Urinary excretion of citrate and female steroid sex hormones:a study in healthy women
Frederikke Eichner Christiansen, Helene Jung, Susanne Sloth Osther, Kim Hovgaard Andreassen, and Palle Jörn Sloth Osther
Urological Research Center, Dept. of Urology Lillebaelt Hospital, University of Southern Denmark, Fredericia, Denmark
Low levels of urinary citrate are correlated to increased risk of kidney stone formation. Previous studies have shown that men have lower urinary citrate excretion levels than women. The underlying mechanism for this is unknown. Differences in urinary citrate excretion might be part of the explanation why men have a 2-5 times higher incidence of kidney stones than women.
The objective of the present study was to investigate the relationship between female steroid sex hormones and urinary citrate excretion in healthy women.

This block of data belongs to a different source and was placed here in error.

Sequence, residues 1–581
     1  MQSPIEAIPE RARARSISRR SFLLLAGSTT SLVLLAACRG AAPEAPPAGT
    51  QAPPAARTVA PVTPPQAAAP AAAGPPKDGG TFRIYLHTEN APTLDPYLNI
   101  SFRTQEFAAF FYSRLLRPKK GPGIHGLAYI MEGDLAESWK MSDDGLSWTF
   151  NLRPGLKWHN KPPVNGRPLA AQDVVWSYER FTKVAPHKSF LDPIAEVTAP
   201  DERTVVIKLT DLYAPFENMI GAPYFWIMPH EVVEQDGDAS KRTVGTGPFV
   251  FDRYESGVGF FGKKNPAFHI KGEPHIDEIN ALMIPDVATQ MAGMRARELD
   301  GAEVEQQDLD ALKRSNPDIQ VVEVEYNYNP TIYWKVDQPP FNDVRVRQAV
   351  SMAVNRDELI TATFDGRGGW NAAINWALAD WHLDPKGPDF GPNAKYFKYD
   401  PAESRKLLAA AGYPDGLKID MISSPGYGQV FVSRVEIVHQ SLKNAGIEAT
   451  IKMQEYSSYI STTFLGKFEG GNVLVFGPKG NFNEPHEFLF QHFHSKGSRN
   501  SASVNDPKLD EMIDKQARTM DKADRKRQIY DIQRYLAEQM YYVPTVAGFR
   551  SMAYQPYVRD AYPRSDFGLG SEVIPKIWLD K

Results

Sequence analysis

Material and Method:
24 hour urine samples and blood samples were collected from 20 healthy women with regular menstrual cycles (28-32 days). The women were without any medication. The urine samples were analysed for citrate using the citrate lyase method, and the blood samples analysed for plasma oestrogen and progesterone levels. The samples were collected with regular intervals during menstrual cycle.
Statistical analyses were done using the software package Stata 11.2.
Urinary citrate levels during the menstrual cycles of the different women showed no uniform pattern.
Using linear regression a weak but significant correlation between urinary citrate excretion and oestrogen (r = 0.159, p=0.0169),) and progesterone (r = 0.137, p=0.0361), respectively, were found.
No uniform pattern of urinary citrate excretion during the menstrual cycle could be identified. Plasma levels of female steroid hormones do not seem to have a strong effect on urinary citrate excretion. Other factors must be involved for the explanation of the major differences in urinary citrate excretion between genders.